Archive for June 30, 2009
Penned by Nick
This morning Solar Richmond hosted Senator Barbara Boxer. Amongst a well-orchestrated public relations production, about 100 attendees from all walks of society milled about and got to know each other.
At a time when folks are wondering “where are the green jobs?”, this place seemed to have all the answers. People were together, training, and envisioning–indeed, realizing!–a cleaner, greener tomorrow.
But after the applause had died down and the press disappeared, I got a chance to sit down with Solar Richmond and hear about how hard it is to really change the world.
The reality of the situation, despite all the applause, was that there’s still a lot of hard work to be done.
Graduates from these programs still find too few career opportunities, and the support structure that surrounds them needs to be reinforced with more than just hard skills training.
As Senator Boxer noted many times, these graduates are our future, and their futures are tied to a cleaner, greener economy.
If we are to truly make an inclusive transition to the green economy, we need to do more to help at-risk citizens from falling into the trap of unemployment.
The self-confidence and sense of satisfaction these kids gain from programs like Solar Richmond is immeasurable. They literally beam out the good vibes. But they also need help polishing off their corporate personas and skills so that they don’t pass the class only to fail the real-world test.
A lack of reliable transporation, credible role models, and access to job opportunities daily reminds us all that it’s not easy to climb up above the fray of broken families, drugs, discrimination, and a broken social support system.
The Obama Administration is investing heavily in next generation job training programs. The programs promise to be premised on partnership, and in the process, bring together a stronger family of organizations in which to raise the next generation of environmental leaders.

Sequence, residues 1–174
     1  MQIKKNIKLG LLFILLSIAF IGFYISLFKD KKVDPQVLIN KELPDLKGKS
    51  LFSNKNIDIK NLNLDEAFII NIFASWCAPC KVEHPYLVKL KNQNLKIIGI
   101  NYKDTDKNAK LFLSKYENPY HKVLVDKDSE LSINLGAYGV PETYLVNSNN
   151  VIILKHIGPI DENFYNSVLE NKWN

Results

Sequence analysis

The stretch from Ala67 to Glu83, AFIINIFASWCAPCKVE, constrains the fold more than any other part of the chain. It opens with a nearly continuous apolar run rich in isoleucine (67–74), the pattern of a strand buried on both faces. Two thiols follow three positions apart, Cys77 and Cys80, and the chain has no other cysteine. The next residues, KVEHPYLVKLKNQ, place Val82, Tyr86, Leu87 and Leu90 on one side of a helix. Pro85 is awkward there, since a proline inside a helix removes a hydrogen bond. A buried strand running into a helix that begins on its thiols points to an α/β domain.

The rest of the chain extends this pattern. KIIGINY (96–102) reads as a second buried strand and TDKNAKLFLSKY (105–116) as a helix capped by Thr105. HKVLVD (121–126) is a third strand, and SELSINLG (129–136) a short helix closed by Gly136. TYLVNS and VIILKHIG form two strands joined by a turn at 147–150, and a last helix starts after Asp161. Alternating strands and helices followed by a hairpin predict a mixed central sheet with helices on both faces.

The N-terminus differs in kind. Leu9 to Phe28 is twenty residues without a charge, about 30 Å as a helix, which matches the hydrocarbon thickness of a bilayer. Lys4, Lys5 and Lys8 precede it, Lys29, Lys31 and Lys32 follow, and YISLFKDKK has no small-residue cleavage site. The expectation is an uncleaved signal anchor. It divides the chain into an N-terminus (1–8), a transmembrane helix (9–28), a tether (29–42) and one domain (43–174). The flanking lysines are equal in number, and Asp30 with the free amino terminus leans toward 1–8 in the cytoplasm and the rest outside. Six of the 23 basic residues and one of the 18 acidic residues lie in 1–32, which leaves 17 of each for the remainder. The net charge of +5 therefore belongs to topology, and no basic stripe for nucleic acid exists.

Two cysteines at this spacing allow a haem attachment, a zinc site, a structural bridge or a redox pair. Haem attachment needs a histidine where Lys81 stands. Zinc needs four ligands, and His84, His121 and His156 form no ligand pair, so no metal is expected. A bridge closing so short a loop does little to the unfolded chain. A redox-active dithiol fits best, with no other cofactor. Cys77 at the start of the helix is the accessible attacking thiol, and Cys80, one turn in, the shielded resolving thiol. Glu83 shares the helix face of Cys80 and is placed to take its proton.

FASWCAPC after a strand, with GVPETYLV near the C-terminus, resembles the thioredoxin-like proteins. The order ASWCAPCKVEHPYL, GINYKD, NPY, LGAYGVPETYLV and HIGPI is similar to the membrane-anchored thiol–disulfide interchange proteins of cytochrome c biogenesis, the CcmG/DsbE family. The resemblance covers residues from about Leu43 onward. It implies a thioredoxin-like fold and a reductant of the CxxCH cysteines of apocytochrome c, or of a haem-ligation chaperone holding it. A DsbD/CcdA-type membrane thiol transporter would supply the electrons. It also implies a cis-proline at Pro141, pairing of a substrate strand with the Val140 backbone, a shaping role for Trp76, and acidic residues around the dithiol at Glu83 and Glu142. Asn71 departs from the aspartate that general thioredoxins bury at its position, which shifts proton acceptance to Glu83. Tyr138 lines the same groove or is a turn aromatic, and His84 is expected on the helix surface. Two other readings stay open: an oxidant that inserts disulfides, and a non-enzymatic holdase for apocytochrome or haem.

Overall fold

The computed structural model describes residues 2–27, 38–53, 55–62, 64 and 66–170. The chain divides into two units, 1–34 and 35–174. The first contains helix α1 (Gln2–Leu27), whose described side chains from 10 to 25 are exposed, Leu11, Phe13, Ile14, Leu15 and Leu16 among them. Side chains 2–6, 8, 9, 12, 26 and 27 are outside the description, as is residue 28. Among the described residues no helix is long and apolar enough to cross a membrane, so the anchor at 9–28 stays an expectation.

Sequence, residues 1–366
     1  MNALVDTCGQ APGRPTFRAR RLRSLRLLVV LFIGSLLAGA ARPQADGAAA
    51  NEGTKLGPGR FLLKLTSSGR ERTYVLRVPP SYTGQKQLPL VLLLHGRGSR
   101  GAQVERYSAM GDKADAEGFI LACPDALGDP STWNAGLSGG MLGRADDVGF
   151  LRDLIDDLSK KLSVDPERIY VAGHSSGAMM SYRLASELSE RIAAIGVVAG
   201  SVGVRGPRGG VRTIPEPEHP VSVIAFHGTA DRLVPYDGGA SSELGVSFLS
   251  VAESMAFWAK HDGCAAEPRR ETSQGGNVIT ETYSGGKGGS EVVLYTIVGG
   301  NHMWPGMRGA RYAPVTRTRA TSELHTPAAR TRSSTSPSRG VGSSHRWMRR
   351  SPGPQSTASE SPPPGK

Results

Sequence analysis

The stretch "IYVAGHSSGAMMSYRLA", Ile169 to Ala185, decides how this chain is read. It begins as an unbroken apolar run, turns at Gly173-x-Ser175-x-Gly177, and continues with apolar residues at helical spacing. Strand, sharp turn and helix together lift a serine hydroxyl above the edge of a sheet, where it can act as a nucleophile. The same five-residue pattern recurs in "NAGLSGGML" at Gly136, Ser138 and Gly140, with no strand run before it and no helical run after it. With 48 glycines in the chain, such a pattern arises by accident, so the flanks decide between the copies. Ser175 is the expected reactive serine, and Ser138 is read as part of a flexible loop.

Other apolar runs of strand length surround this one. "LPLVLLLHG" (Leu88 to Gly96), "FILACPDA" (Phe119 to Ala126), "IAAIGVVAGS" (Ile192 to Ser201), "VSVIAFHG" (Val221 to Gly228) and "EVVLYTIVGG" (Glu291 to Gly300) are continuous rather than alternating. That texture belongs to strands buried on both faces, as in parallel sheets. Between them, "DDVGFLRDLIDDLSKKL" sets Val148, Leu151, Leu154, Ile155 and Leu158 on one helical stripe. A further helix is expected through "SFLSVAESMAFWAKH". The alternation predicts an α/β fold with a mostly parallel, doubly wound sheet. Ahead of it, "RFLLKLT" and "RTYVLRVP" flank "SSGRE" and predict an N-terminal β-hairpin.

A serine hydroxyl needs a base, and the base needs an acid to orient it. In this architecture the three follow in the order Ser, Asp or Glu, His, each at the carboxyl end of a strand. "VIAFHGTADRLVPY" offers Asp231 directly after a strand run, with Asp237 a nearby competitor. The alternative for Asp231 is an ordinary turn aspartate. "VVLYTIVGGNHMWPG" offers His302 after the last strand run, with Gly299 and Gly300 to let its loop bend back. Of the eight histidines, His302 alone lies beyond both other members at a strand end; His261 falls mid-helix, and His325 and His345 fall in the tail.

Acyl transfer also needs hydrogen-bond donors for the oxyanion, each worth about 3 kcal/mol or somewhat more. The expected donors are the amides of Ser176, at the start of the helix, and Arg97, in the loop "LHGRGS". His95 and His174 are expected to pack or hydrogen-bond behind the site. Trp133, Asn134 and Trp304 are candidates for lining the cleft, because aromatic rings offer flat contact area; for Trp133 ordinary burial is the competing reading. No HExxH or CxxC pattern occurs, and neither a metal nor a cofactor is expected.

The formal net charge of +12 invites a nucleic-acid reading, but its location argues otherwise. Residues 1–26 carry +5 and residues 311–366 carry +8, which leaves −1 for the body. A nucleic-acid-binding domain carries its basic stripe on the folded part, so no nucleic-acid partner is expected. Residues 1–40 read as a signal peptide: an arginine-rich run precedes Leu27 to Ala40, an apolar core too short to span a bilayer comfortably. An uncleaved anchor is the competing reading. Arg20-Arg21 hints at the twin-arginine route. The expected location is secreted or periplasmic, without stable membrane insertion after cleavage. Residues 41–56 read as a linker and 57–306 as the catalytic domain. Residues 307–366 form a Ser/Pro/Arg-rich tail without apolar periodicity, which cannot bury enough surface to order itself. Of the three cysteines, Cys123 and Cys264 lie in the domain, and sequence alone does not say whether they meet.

Along with Senator Boxer, Solar Richmond, and the Administration, I hope that we all can continue to come closer together to support this vision, and in the process, ensure everyone benefits from a cleaner, greener tomorrow.
Penned by Nick
One of the things we reinforce with every candidate is the importance of “connecting the dots” when they interview for a job.
“Reiterate and tie together why they should hire you at the end of every answer,” we recommend.
At times, I’m reminded of how true this advice is in present times.
Too often we forget to account for the social impact of unemployment in terms of both dollars needlessly spent and lives needlessly stalled or ruined.
Investing in training programs for an “apathetic” generation is the first way to overcome the unhealthy stereotypes that characterize many older peoples views of younger workers.
Frighteningly, age discrimination is rampant worldwide. We see this at present with many employers favoring younger workers.